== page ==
ROBERT: Around about a thousand.
And you sell organic honey …
MELISSA: We are certified organic beekeepers.
ROBERT: There’s a set of guidelines and standards we have to follow. We’ve got to be five kilometres away from any agricultural flowering crop that may need spraying or something. Bees can fly up to five kilometres but it is a bit of a stretch. Generally they average around the three-kilometer mark from their hive.
MELISSA: So you understand … At the moment, some of our bees are on clover. If Robert stripped the honey off and extracted it and we bottled it, we couldn’t put ‘certified organic’ on the label because that farm may not be five kilometres away. In that case, he’d run the first extraction, which is not organic, and then if he shifted the hives from there to a certified organic bee site, then that next extraction would be classified as certified organic.
How do you sell your honey?
ROBERT: Most of it is bulk into Capilano. There’s not a big enough market in Australia for all of our organic honey, so a fair bit of it goes into Canada.
MELISSA: Then we do private sale, too, private label, for which I do the bottling and take the orders. There’s quite a few shops around the Scenic Rim that have it: Roadvale General Store, Kalbar Bakery, Aratula Café, Poppi’s Pantry, Canungra Visitor Information Centre, Boonah Visitor Information Centre … So, yes. It is through our district quite a bit. We do a couple of organic bakeries down the coast and Wray Organics.
What do you look for when searching for a location to position your hives?
MELISSA: Not at all times during the year can we actually have our bees in the Scenic Rim, but mostly in spring and summer they’re back here. And they can be anywhere from Boonah-Beaudesert Road to up the ranges to Rathdowney …
ROBERT: Different trees flower in different seasons. At the moment, blue gums and iron barks are flowering. A little later on, you’ll have a sand gum, yellow box flowering into Christmas, and brush box that we work in the range, then another iron bark — cause there’s about six or seven different iron barks that yield honey. And then, in the new year, it is a little lean coming into autumn. It is all rain dependent. Then, through winter, to break the cycle of the small hive beetle, we put most of our bees in the Channel Country, a couple of hundred kilometres west of Charleville. They generally go out there for the winter period, which is a dry period, and the beetle hates the dry. They’re generally out there until spring when we start bringing them back.
With trees, they don’t respond straight away to rain, so we’re always keeping an eye on weather patterns and rainfall for next season, because that’s when that rain will reflect in the tree. But you can go to a tree and find buds before they flower, so you have a heads up. Then you just need that shower of refreshing rain for the tree to blossom and produce nectar. It doesn’t really do it in the dry. You get the rain, say, now, and next year we might move the bees to where that rain fell, and the trees will start to flower, but if we don’t get that follow-up rain on the trees, the tree will flower but not produce any nectar.
We’ve read about the big problems the industry is facing in the US.
ROBERT: It is definitely a pesticide problem. Unfortunately, in America, they’re going from one crop to another crop to another crop. They don’t have the big forests that yield nectar and pollen where they can put their bees to clean out the pesticide residue left in the hive. It builds up in the wax. So, that needs to be regenerated out of the system in good forested country that hasn’t any pesticides or residues the bees can pick up. Because a lot of the pesticides now … Years ago they just sprayed something and whatever the spray hit it killed. That was the end of it. Now, they’re making pesticides that can stay in the flower for a couple of weeks. Years ago, if the bee was sprayed it would die in the paddock and it wouldn’t affect the hive. Well, it would affect the hive because it’d lose whatever bees were out flying, but the bees wouldn’t bring that poison back to the hive to affect the young bees. But now … It is one of main reasons we want to try to keep these forests open because it will end up like America. We’ll end up losing a lot of bees. Bees get exported to America from Australia to help out with pollination over there. One in every three mouthfuls of food needs pollination at some stage.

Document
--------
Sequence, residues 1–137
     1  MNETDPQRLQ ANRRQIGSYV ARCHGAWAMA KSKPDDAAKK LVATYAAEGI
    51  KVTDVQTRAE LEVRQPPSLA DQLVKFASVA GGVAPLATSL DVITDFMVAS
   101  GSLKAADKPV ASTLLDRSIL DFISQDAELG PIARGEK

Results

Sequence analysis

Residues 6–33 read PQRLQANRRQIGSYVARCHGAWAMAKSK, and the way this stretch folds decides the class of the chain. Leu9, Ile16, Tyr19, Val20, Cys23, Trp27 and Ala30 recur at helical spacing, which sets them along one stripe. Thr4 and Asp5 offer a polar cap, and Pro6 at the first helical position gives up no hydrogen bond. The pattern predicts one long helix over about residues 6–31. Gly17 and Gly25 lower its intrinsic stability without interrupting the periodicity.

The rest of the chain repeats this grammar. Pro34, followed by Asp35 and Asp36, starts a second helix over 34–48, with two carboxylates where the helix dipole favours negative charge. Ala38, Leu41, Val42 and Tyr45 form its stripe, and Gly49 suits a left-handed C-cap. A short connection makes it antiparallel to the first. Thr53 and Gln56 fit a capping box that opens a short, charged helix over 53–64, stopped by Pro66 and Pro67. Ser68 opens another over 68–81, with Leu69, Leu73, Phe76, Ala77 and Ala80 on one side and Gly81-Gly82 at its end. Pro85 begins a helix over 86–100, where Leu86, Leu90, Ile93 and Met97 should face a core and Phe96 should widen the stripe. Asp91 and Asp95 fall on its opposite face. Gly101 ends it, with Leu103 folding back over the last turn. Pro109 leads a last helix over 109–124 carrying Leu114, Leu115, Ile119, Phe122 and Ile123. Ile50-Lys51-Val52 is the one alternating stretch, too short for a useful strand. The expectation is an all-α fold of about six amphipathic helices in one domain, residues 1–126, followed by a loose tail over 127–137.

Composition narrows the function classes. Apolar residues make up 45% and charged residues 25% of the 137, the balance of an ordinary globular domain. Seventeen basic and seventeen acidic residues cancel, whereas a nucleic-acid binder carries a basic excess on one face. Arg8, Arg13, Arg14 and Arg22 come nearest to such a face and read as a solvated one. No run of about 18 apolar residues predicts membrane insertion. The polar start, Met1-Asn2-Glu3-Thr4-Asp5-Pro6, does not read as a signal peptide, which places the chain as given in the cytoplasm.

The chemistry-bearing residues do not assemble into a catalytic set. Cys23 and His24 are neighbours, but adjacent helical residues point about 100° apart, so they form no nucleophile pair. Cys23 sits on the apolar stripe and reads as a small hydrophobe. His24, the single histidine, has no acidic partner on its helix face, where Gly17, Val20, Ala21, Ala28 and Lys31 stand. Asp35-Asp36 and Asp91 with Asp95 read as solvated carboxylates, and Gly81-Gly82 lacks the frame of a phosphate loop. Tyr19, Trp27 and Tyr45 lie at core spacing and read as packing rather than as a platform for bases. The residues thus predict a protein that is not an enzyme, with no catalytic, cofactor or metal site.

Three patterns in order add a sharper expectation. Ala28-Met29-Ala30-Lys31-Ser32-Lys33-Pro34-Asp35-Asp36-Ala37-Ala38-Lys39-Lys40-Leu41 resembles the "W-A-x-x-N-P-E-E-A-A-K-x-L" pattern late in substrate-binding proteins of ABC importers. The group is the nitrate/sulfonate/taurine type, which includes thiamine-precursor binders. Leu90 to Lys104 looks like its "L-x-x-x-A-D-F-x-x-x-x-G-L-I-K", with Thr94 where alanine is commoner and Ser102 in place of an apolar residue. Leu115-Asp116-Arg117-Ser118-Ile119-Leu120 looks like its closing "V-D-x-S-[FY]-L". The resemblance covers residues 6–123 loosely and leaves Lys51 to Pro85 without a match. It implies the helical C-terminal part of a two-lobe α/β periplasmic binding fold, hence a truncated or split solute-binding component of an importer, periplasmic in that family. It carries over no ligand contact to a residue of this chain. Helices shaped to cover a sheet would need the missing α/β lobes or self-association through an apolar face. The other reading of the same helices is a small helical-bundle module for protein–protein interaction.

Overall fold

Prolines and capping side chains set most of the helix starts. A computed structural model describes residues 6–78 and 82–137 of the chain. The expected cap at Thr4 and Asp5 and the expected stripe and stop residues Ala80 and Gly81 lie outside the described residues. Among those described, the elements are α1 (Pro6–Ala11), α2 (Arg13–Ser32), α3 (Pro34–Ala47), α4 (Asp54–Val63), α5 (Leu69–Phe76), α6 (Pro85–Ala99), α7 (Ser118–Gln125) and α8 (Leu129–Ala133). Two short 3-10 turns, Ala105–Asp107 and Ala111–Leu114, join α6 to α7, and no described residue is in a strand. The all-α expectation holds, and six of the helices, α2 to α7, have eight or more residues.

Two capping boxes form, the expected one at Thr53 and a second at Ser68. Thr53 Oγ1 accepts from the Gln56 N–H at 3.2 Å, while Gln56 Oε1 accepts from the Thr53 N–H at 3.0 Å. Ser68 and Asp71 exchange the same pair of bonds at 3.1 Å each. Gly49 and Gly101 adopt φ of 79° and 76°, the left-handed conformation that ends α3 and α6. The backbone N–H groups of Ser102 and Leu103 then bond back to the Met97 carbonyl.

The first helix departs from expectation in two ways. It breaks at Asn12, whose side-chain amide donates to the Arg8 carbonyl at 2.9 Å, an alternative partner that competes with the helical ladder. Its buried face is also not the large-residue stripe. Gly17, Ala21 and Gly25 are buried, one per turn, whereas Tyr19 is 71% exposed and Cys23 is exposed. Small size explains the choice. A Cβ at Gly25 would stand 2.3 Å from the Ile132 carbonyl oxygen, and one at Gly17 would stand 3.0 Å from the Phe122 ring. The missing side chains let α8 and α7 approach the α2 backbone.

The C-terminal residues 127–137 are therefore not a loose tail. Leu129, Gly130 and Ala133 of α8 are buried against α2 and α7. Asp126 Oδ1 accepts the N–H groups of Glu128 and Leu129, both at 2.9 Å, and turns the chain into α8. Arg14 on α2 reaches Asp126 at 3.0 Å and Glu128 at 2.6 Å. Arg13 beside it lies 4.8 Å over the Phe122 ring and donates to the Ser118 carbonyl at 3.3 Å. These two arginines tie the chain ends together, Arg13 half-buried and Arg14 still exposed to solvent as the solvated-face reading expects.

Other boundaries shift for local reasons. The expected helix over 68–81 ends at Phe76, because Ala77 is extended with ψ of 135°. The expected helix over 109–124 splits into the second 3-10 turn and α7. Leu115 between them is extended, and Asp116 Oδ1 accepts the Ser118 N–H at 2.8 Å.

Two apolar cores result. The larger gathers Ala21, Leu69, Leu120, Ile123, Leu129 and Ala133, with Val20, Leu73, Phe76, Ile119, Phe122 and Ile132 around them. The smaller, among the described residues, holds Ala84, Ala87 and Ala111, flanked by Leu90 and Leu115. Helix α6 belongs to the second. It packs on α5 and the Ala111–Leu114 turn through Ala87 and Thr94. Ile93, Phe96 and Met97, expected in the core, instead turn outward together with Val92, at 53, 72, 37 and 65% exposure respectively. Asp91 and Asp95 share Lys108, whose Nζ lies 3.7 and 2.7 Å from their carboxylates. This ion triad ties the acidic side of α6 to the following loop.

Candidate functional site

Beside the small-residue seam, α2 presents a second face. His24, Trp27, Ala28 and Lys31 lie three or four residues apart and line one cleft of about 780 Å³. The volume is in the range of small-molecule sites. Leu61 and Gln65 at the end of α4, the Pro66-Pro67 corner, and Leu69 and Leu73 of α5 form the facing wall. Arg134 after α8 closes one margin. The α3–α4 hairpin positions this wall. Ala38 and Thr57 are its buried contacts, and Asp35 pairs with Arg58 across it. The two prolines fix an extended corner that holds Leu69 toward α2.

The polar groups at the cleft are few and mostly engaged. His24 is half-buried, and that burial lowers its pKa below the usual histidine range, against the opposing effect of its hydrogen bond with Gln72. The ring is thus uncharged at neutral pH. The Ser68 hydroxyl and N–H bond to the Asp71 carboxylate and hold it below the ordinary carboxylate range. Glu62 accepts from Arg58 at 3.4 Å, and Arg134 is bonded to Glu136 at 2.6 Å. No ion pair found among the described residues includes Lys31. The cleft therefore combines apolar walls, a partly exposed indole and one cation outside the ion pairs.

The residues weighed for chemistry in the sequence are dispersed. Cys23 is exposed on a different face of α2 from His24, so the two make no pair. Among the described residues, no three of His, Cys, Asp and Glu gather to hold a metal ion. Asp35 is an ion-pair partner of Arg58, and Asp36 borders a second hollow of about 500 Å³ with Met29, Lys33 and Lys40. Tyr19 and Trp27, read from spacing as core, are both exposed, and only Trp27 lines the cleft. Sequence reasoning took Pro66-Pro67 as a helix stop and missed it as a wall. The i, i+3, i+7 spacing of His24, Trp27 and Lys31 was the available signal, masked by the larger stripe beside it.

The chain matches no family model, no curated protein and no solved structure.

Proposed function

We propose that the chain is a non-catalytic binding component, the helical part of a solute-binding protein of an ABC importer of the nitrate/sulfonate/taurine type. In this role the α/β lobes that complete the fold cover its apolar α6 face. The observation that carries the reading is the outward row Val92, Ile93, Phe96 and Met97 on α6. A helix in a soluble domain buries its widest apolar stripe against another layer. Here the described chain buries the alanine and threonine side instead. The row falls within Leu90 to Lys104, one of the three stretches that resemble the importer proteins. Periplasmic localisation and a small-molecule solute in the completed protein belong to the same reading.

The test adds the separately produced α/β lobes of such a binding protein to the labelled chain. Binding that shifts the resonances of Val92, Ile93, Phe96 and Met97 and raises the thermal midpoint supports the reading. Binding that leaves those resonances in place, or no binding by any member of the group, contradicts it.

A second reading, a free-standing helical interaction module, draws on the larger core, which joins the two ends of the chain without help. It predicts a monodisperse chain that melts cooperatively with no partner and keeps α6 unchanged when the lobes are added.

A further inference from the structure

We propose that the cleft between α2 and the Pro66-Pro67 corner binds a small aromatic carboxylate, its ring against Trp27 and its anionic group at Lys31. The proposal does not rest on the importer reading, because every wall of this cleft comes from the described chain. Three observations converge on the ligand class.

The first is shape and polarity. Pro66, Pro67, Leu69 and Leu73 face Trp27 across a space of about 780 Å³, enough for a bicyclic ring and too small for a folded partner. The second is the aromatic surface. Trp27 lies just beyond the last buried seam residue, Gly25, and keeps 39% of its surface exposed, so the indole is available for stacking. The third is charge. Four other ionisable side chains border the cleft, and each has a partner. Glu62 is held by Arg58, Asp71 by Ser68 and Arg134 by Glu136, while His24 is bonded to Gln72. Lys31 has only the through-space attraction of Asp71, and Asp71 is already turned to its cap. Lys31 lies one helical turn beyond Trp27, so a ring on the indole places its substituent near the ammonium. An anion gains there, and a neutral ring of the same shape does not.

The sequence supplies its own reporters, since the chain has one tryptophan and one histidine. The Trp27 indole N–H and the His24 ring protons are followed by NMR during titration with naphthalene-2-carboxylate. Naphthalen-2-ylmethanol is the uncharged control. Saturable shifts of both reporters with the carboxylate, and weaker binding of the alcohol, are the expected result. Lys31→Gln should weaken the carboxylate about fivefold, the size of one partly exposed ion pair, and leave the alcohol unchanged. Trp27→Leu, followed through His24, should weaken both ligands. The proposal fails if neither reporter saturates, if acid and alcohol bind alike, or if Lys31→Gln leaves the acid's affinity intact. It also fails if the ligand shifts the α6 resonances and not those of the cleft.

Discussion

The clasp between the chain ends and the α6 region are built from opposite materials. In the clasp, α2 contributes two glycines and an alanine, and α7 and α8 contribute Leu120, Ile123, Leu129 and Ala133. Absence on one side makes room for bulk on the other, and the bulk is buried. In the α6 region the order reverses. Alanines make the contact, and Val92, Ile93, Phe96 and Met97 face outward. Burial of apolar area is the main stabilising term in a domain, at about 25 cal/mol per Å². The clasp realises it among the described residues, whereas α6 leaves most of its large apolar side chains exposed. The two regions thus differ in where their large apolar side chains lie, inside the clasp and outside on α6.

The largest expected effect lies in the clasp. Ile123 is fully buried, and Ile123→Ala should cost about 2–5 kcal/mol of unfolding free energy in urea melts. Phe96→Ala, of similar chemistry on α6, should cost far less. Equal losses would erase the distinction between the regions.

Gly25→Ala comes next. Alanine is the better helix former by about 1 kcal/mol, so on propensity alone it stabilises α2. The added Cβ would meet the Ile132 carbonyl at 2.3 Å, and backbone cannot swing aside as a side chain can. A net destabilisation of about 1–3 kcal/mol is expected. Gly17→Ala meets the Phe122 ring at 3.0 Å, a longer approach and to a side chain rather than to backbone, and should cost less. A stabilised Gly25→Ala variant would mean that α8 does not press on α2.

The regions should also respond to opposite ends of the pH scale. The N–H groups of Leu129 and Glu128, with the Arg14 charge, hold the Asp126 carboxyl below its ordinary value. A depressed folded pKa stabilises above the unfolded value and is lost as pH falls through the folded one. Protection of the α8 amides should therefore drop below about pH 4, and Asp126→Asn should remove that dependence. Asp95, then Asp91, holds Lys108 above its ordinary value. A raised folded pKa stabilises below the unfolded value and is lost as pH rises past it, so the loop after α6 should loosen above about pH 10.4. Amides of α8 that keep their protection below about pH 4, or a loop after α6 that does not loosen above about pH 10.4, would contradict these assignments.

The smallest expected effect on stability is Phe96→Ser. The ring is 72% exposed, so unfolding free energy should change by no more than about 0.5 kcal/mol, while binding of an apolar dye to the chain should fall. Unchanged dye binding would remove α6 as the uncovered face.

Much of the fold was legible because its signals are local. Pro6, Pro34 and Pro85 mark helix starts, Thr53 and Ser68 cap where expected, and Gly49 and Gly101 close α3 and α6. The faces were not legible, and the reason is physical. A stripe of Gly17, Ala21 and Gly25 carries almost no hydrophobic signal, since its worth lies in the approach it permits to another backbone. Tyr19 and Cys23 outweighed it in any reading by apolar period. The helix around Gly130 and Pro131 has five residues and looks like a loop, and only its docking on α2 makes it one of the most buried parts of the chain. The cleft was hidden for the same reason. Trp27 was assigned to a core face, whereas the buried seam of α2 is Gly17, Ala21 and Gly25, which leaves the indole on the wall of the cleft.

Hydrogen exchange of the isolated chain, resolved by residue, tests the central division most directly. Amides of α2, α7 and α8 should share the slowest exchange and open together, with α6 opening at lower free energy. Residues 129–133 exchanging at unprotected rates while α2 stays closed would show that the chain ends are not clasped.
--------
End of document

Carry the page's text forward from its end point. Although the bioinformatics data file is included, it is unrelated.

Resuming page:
The government realises it is worth about a billion dollars to Queensland finances — that’s the value beekeeping adds to crops throughout Queensland. There are people up there at the moment finishing macadamia pollination up in Bundaberg. A macadamia tree doesn’t really need bees to pollinate it, but they’re getting thirty to forty per cent increase in yield having the bees on there. So, they’re turning a farm that may not be that viable into a farm that is very viable.
People out there don’t understand bees can’t just live on crops. They need that break away from crops to give them respite. Though they’re still working, you need to get bees away from sprays so they can regenerate.
Do you have a favourite honey?
MELISSA: I find the darker the honey, the stronger the flavour. I like the light-coloured runny ones. Yellow box. There’s nothing better than straight from the frame. You dip your finger in it and, oh!
Is there anything else you’d like to share with us?
MELISSA: You don’t really come across a dishonest beekeeper. That’s what I have found. I was a townie, so I knew nothing about bees before marrying Robert. If one beekeeper is having trouble — he’s driven around to all his sites and the trees aren’t doing any good — then that beekeeper tells another beekeeper and along the chain … Well, next minute this beekeeper will get a phone call from that beekeeper saying, ‘I’ve got a spare site. Shift them onto there.’ It is a very close-knit community.